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The Gathering Eurozone Storm

Author: Christopher Alessi
September 13, 2011


Credit rating agency Moody's downgraded (FT) two of France's largest banks--Crédit Agricole and Société Générale--and put the country's largest bank, BNP Paribas SA, on review for a rate cut on Wednesday. French bank shares, along with the euro, have experienced ongoing volatility as a result of their exposure to Greek sovereign debt (DeutscheWelle). Despite an agreement reached this summer by eurozone leaders to provide Greece with a second bailout package, many international investors and financial markets are predicting the country will default on its debt obligations.

U.S. lenders reduced their exposure (NYT) to French banks in an effort to rein in headline risk, and President Barack Obama urged European leaders to act to stem contagion to the continent's banking sector. In an unprecedented move, U.S. Treasury Secretary Timothy Geithner will travel to Poland Friday to meet with eurozone finance ministers (Reuters).

A Greek default could bring down the indebted economies of Spain and Italy. With French banks also heavily exposed to Italian debt, this would likely set off a European banking crisis that would threaten to unravel the entire single-currency zone. Economists and investors have cautioned that such a scenario could ripple through the U.S. banking sector and trigger another global financial meltdown.

"The crisis has the potential to be a lot worse than Lehman Brothers" (NYT), said hedge fund investor George Soros, referring to the collapse of the famed investment bank in September 2008 that set off a domino effect of faltering global banks. If such a banking crisis occurs, global leaders are ill-prepared to issue a coordinated policy response, argues the Financial Times' Gideon Rachman. "Without such leadership," he writes, "there is a rising danger of a drift into protectionism and currency wars."

Debate is heating up within Europe over how to save the eurozone and avoid a global banking catastrophe. Many officials have argued for the acceleration of fiscal integration (WSJ) as a way to prop up Greece and preserve the euro. France and Germany recently asked European Council President Herman Van Rompuy to draft a framework for closer fiscal coordination, which he will present to eurozone leaders in October. Obama waded into the debate (Reuters) by calling on the EU to "coordinate monetary integration with more effective coordinated fiscal policy."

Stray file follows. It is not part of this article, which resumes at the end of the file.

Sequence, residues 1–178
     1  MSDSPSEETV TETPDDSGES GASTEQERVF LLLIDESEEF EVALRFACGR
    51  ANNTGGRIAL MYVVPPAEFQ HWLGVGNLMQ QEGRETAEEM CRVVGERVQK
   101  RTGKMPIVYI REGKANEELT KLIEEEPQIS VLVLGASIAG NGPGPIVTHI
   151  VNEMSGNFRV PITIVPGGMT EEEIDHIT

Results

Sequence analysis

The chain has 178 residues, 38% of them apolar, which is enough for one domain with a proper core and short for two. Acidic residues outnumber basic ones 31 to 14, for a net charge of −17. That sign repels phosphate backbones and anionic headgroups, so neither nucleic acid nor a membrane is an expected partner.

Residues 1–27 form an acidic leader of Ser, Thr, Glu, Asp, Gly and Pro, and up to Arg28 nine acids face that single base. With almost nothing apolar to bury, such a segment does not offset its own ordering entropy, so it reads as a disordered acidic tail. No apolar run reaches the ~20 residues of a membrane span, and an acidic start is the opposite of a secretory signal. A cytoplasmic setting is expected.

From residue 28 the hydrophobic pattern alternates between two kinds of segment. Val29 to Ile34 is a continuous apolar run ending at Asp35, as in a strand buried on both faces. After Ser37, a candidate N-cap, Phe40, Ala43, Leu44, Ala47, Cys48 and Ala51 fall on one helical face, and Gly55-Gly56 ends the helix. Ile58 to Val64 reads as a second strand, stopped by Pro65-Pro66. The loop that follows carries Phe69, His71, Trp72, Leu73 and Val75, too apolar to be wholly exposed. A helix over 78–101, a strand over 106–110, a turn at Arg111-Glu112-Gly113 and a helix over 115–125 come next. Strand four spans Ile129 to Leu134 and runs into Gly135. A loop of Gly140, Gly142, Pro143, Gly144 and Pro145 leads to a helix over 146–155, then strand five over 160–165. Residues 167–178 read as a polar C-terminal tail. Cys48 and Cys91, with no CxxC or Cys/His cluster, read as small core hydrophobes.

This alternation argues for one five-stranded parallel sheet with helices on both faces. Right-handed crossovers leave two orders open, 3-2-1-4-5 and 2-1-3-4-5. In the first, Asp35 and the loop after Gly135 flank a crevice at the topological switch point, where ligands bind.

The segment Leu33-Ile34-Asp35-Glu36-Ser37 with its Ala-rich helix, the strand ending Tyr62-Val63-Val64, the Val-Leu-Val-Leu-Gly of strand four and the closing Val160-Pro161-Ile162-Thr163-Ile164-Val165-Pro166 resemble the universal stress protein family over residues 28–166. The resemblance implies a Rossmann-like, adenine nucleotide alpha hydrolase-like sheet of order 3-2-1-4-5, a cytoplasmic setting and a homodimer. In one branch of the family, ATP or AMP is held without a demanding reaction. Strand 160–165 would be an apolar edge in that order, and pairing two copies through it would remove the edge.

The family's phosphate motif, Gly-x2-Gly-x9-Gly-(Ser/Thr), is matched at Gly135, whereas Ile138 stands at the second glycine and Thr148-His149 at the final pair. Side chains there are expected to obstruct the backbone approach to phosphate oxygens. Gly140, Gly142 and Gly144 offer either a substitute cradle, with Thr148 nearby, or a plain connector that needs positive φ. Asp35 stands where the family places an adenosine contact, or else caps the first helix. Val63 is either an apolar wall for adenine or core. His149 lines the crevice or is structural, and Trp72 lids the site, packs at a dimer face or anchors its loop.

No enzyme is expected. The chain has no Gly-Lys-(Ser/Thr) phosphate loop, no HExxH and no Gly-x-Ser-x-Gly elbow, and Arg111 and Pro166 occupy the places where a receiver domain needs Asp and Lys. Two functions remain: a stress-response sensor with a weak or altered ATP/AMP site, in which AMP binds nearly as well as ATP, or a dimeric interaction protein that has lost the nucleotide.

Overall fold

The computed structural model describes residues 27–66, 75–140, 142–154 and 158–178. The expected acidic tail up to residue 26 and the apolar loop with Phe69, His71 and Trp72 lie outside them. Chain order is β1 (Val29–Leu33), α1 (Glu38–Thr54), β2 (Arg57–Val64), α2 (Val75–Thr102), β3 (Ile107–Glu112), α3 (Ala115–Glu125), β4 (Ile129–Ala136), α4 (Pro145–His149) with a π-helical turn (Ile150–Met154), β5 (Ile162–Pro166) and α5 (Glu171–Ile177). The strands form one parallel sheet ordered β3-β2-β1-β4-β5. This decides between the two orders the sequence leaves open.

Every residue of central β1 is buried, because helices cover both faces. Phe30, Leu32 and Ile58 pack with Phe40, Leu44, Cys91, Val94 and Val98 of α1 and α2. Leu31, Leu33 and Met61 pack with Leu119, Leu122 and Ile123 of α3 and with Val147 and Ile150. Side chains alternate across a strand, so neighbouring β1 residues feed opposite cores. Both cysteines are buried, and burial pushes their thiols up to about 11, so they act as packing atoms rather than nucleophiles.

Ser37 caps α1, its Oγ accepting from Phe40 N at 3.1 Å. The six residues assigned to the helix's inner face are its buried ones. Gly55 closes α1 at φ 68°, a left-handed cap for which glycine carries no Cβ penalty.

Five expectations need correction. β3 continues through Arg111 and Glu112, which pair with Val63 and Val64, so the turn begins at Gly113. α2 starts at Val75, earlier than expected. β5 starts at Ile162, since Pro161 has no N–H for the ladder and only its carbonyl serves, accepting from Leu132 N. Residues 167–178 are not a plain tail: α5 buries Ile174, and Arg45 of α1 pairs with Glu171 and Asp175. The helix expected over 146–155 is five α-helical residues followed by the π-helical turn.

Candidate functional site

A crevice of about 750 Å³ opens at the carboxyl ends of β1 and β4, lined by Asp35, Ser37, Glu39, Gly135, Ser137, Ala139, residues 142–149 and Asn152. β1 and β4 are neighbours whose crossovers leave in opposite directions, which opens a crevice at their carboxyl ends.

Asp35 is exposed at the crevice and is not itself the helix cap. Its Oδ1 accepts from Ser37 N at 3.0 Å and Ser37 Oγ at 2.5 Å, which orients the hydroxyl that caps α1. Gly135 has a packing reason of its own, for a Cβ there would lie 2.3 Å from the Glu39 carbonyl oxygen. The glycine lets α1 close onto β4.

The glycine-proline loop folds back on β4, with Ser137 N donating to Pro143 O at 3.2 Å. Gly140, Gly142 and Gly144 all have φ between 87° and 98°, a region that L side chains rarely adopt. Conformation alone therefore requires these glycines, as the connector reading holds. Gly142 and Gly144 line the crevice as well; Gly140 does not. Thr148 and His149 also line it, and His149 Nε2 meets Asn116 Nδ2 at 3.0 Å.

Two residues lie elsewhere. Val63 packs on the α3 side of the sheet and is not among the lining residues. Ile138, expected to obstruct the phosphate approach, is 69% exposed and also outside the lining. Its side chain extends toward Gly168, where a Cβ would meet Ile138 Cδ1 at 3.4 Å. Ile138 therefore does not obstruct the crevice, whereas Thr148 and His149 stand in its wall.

However, there are growing calls by conservatives within Merkel's center-right coalition to let Greece default (Reuters) and, potentially, leave the eurozone. Despite Merkel's warning that it is in Germany's interest (DeutscheWelle) to keep Greece in the eurozone, Der Spiegel reported that German Finance Minister Wolfgang Schäuble is working on contingency plans for the continent in the event of a Greek default."Merkel and Schäuble are facing up to the inevitable and thinking the previously unthinkable: Greece is going bankrupt, and not even its withdrawal from the monetary union can be ruled out anymore," the report noted.

Still, many analysts and observers think the banking liquidity situation is already ballooning and demands a swift and direct response. In an interview with Bloomberg, Pacific Investment Management Co. CEO Mohamed El-Erian indicated that the IMF and World Bank--set to meet jointly in Washington September 23--should work with European banks to stave off sovereign debt contagion."We're getting close to a full-blown banking crisis in Europe," El-Erian said. Even more urgently, Sir Howard Davies, former chairman of the UK's Financial Services Authority, told BBC: "In the next couple of days, the French government will have to recapitalize their banks."

Background Materials:

"Counting the Cost if EMU Fails," Alan Wheatley, Reuters

"Berlin Rift on Debt Crisis," Philipp Wittrock, Der Spiegel

"Euro Faces Another Hectic Week," EurActiv

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